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Ops

 

Pilots were favoured by knowing far more about the tactical situation. We had to be; we had to know just where our troops were, partly to be sure that we did not bomb or use our cannons on them. In common with everyone, we were subjected to subtle and not so subtle propaganda. We all knew how badly we would be treated if we fell into the hands of the Japs. Some of us even scratched our number on one of the bullets in our revolvers. The idea being that we would keep that chamber in front of the hammer. The romantic idea being that we would keep that for a shot in the head that may be found 'later'.

We were told that a fellow pilot had parachuted clear and started the long walk back. We were always told to make for Muslim villages as they had been badly treated by the enemy. Our pilot, so the story went, had made it to such a village and had been hidden but somehow the information had been leaked. As an example he was spread eagled on the ground and killed with boiling water. True? I did not stop to think. War does not encourage contemplation on the character of the enemy.

I hated them, with every fibre of my body I hated them.

We had recently been joined by a pilot fresh from a squadron on the Western Desert where he had been up against the Wehrmacht. One day, after an op, we were waiting to be debriefed and he said "Sparkie certainly made a direct hit. You could see the bodies thrown through the air." I was delighted but was surprised that he did not mention it during debriefing even though we were prompted to assess the operation. I said "Come on Jonesy, tell him what you have just told us." He was silent although all eyes went to him. He just gave me a long look that held a measure of contempt and refused to repeat it. Whether further experiences hardened him there is no record. He visited me in England when the war was over but there was no serious contemplation.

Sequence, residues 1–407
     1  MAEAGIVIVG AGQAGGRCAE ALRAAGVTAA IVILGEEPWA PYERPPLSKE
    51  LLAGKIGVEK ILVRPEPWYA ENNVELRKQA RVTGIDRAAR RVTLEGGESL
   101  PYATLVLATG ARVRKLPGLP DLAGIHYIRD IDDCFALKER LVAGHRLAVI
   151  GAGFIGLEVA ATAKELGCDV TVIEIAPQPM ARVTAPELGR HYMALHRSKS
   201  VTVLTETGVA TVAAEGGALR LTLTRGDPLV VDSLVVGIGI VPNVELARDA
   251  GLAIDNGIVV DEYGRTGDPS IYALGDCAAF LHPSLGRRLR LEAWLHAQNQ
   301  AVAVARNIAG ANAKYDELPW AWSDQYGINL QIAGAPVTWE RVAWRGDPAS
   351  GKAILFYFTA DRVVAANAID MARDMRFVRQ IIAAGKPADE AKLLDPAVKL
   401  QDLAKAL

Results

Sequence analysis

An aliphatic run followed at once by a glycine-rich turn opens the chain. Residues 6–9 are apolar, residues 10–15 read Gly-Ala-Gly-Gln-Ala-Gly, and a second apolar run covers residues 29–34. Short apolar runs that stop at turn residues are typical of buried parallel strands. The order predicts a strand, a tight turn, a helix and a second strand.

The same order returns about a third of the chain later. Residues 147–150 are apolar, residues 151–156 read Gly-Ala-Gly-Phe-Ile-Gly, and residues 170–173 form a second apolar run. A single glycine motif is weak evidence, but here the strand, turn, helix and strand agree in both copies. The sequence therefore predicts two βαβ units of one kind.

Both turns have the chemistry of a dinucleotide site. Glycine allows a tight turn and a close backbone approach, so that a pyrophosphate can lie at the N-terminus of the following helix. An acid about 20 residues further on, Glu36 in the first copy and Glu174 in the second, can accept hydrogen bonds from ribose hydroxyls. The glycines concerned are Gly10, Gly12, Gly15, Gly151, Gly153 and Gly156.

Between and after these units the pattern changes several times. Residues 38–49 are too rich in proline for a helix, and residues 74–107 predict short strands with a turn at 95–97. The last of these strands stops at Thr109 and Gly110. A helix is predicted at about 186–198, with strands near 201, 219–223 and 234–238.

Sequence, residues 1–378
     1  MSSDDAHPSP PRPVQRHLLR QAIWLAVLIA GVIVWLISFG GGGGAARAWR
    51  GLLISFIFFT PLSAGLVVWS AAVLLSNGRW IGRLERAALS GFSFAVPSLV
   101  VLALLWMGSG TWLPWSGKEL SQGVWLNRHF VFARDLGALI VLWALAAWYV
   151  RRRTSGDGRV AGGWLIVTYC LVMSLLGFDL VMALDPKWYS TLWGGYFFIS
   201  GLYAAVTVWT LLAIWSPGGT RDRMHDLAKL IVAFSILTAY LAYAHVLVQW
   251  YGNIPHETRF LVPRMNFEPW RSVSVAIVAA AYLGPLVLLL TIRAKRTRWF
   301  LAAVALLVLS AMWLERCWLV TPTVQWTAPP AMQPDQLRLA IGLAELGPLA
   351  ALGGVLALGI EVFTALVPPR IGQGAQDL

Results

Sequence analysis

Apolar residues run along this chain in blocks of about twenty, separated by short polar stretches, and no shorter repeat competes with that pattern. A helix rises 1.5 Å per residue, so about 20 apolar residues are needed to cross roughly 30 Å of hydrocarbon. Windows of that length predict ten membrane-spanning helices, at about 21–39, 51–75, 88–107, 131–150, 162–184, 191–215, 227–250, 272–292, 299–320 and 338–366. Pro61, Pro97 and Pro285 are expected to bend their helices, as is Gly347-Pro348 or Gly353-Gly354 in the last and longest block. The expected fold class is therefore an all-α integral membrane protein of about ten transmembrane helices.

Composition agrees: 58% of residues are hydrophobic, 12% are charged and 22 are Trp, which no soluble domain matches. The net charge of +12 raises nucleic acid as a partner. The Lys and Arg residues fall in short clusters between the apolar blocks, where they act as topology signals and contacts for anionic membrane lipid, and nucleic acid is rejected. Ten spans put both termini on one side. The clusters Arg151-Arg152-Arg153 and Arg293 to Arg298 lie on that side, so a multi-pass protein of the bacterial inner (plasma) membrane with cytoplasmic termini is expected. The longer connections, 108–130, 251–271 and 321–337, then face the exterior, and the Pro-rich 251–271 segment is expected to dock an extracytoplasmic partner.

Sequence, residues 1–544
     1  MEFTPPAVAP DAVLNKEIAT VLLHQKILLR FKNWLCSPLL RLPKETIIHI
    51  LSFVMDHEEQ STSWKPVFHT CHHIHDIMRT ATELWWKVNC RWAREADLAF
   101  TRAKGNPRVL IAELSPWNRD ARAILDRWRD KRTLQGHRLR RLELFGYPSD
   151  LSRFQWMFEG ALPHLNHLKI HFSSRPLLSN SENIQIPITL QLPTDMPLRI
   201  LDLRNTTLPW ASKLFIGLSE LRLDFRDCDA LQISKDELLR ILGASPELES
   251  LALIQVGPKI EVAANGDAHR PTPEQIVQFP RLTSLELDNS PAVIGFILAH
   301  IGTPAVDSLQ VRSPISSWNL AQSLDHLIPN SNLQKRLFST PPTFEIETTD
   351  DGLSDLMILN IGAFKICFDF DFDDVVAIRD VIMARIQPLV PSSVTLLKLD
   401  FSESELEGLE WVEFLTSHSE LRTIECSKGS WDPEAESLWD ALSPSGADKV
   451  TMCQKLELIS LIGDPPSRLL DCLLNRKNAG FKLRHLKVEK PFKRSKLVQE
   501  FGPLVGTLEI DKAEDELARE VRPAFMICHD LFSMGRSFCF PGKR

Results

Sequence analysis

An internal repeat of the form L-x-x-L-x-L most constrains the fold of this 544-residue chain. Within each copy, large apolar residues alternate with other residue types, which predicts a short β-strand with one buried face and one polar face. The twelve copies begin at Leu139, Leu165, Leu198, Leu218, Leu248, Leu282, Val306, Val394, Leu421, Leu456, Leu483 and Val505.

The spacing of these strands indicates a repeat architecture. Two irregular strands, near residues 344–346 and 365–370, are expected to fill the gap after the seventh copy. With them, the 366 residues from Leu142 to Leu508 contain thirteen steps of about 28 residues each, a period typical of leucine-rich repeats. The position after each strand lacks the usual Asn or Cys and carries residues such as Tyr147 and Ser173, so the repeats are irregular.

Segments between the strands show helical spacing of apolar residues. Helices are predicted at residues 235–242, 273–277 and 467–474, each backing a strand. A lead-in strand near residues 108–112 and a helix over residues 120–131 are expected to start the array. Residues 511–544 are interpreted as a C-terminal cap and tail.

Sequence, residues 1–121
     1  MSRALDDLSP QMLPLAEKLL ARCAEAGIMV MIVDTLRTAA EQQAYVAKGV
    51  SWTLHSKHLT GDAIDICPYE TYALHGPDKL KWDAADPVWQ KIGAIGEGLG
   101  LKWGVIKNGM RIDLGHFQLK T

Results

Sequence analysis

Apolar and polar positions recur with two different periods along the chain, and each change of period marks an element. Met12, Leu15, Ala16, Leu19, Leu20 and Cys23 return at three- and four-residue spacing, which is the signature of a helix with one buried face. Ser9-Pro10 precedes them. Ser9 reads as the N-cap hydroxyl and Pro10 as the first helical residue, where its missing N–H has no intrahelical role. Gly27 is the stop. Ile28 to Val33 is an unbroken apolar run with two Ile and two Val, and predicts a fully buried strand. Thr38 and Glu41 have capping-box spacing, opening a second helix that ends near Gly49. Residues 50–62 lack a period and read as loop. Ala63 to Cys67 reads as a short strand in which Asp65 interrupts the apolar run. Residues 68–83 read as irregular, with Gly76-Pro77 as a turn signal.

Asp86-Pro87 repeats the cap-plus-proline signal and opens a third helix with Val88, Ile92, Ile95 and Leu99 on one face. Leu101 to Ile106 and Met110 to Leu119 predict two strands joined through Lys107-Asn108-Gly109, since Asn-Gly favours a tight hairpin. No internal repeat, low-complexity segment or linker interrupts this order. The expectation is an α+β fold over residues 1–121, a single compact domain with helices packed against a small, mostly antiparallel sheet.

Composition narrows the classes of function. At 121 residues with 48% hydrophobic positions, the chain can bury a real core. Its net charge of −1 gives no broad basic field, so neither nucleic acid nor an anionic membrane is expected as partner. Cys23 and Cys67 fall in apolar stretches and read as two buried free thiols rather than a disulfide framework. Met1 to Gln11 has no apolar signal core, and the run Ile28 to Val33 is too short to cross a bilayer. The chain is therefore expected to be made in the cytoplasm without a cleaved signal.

Quite apart from a hatred for the enemy I loved ops and in some strange way was addicted to them. As mentioned previously, the flight commander and I took it in turns to lead our section. When I had missed an op or two for any reason I would beg him to let me take his subsection leader's place on the days when he led the section.

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Once, 'Jammy' who was flying as my No2 came over to me as soon as we had landed and said "What on earth made you do that, it was almost impossible to follow?" "Do what?" "You did a barrel roll on the dive in." So I had. In sheer exuberance I had carried the 'peel off' right round in a barrel roll. I apologised at once to my section. It was fun for me but was most inconsiderate for those following. It was never repeated when leading but it was a practical manoeuvre because it confused anti aircraft fire and providing the eye never left the target, it brought one to an excellent position for attack.